During one of his many tours of Europe, Lionel Hampton assembled a group of all-stars for this 1956 studio session, adding a number of top European players to his regular group. The vibraphonist has the lion's share of solos, dominating the 11-plus-minute interpretation of "Love Is a Many Splendored Thing" and showing off a bit with his unique style of playing piano on several selections, including a romp through "Regina's Drag" (which is the same as "12th Street Rag"). "New Saint-Louis Blues" is just an updated version of W.C. Handy's signature tune, with a vocal by Hampton and sassy muted trumpet by Ed Mullens. This date might have been a bit more memorable with more solo features for the vibraphonist's sidemen, but it is hard to overpower one of the greatest jazz showmen of all time.
Lionel Hampton's two-day session for Blue Star in 1976 was a very productive date; he only brought along two regulars, guitarist Billy Mackel and pianist/organist Reynold Mullins, but was joined by an assortment of outstanding European players, including pianist Raymond Fol, alto saxophonist Michel Attenoux (who had worked with Hampton before), trombonist Claude Gousset, tenor saxophonist Gerard Badini, bassist Michel Gaudry, and former Ellington drummer Sam Woodyard, who was living and working in Paris. Hampton was only 68 years old at the time of the recording and still had the reputation for wearing out men a third of his age on the bandstand; his enthusiasm is infectious from the opening number, "Ring Dem Bells," as he introduces each soloist in turn in a lively jam…
Lionel Hampton's series of record dates leading all-star swing bands produced some of the more exciting music of the late '30s. Just on this CD alone, Hampton led groups with musicians drawn from the Duke Ellington, Earl Hines, Cab Calloway, and Benny Goodman big bands, among others. Among the more notable performances are Benny Carter's "I'm in the Mood for Swing," a swing version of Jelly Roll Morton's "Shoe Shiner's Drag," tenor saxophonist Chu Berry having one of his best showcases on "Sweethearts on Parade," and a romp on "Twelfth Street Rag." Through it all, Hampton (whether on vibes, two-fingered piano, drums, or singing) often steals the show.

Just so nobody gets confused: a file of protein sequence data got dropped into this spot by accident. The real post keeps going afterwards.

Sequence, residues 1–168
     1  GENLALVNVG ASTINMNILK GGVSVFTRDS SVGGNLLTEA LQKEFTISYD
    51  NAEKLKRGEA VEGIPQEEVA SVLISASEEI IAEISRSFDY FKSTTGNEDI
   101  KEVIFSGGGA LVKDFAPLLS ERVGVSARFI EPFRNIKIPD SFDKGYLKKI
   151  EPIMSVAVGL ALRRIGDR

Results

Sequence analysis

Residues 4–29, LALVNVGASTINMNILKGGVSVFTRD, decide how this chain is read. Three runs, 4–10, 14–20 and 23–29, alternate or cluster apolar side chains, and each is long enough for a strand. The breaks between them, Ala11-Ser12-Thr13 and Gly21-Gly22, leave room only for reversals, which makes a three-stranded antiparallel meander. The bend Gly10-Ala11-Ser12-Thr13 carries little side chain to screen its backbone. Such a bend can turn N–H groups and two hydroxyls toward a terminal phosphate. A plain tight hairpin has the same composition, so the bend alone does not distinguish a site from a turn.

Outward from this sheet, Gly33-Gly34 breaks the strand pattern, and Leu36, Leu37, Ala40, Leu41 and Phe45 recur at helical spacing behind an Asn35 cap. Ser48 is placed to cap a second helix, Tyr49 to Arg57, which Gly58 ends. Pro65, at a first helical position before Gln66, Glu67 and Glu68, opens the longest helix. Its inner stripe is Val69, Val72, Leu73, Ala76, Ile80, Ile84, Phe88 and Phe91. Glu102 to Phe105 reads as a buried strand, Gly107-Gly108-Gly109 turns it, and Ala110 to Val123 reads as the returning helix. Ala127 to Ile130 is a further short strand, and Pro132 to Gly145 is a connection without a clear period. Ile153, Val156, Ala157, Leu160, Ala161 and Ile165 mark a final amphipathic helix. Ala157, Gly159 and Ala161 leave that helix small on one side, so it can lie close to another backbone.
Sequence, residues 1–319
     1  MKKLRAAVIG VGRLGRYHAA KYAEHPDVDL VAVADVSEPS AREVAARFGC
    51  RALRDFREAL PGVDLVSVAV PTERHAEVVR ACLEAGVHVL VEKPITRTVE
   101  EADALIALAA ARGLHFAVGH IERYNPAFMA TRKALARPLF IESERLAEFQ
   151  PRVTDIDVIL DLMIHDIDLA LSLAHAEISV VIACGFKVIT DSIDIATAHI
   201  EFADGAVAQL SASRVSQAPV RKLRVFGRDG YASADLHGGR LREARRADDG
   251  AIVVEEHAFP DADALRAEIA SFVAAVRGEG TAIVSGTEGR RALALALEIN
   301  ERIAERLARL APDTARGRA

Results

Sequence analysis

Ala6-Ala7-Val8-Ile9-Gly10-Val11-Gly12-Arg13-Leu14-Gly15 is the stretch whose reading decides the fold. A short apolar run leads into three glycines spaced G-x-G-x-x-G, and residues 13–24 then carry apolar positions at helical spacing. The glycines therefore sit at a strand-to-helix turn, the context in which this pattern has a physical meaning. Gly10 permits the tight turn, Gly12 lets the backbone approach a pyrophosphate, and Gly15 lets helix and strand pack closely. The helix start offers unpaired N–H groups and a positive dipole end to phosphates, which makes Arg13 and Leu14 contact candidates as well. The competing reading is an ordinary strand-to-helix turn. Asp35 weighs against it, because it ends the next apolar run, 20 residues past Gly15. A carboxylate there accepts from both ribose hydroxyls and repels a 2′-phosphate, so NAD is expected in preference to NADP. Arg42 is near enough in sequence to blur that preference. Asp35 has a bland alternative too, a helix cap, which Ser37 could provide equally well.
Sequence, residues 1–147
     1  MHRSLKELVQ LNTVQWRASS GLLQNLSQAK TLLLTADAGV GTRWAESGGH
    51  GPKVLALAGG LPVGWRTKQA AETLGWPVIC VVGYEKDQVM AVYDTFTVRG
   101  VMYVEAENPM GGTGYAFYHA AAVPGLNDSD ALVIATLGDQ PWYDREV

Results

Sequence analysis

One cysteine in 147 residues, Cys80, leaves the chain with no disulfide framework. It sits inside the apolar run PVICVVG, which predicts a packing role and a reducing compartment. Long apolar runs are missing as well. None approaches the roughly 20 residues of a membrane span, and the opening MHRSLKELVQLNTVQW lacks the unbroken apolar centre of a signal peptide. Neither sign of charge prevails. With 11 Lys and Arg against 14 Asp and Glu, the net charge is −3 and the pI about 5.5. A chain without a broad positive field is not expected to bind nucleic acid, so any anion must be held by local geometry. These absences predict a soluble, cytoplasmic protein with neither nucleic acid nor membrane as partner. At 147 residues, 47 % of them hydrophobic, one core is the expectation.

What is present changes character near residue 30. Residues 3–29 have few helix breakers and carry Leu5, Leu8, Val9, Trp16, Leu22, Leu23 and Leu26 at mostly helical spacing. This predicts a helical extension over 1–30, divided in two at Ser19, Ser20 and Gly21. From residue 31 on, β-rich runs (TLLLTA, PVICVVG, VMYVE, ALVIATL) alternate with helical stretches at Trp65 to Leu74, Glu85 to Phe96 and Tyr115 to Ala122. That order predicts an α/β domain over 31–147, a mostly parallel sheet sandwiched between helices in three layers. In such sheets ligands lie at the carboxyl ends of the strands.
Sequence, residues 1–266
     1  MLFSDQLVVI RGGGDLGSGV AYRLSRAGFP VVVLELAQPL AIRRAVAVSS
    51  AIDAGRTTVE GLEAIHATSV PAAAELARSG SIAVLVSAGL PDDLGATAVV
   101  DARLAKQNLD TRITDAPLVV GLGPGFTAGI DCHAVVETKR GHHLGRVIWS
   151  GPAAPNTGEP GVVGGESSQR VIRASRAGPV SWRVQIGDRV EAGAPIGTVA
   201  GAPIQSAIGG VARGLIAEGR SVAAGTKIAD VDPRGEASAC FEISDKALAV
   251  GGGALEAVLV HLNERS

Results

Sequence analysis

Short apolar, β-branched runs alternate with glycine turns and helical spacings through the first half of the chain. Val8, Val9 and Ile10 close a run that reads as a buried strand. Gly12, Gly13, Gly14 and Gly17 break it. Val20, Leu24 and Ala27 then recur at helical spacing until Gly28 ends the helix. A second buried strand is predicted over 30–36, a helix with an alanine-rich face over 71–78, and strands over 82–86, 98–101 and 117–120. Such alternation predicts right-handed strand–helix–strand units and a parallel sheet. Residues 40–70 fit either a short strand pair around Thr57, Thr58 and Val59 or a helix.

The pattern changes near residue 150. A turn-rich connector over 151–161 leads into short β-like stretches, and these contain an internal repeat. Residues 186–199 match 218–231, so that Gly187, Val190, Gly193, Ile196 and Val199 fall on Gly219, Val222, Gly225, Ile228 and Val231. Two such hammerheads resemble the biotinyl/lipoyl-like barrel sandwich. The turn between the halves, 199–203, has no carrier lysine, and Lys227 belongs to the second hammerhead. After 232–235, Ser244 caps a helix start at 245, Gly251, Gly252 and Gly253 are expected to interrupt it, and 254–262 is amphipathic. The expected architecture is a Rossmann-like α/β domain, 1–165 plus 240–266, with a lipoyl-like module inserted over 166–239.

In 1937, vibraphonist Lionel Hampton began leading a series of all-star swing recording dates. Although he would still be a member of Benny Goodman's organization for another three years, Hampton was a natural-born leader and his record dates featured top sidemen from a variety of major jazz bands. This CD begins the chronological reissue of all of this music (except alternate takes). Hampton is teamed with players from the Benny Goodman and Duke Ellington orchestras plus a large assortment of guests. Among the many highlights are "Hampton Stomp" (featuring Hampton playing rapid lines on the piano with two fingers), "Stompology," Johnny Hodges on "On the Sunny Side of the Street," and some good spots for Jonah Jones' trumpet.
Vibraphonist Lionel Hampton and pianist Oscar Peterson are the stars of this delightful collection of jazz recordings supervised by producer Norman Granz over an almost exactly 12-month period extending from 1953 to 1954. Granz's marvelous knack for bringing together excellent musicians resulted in the combined presence of trumpeters Roy Eldridge and Dizzy Gillespie, trombonist Bill Harris, clarinetist Buddy DeFranco, tenor saxophonists Ben Webster and Flip Phillips, guitarist Herb Ellis, bassist Ray Brown, and drummer Buddy Rich. The combination of musical minds is extraordinary, and Hamp's amazing wavelength is dependably positive and uplifting.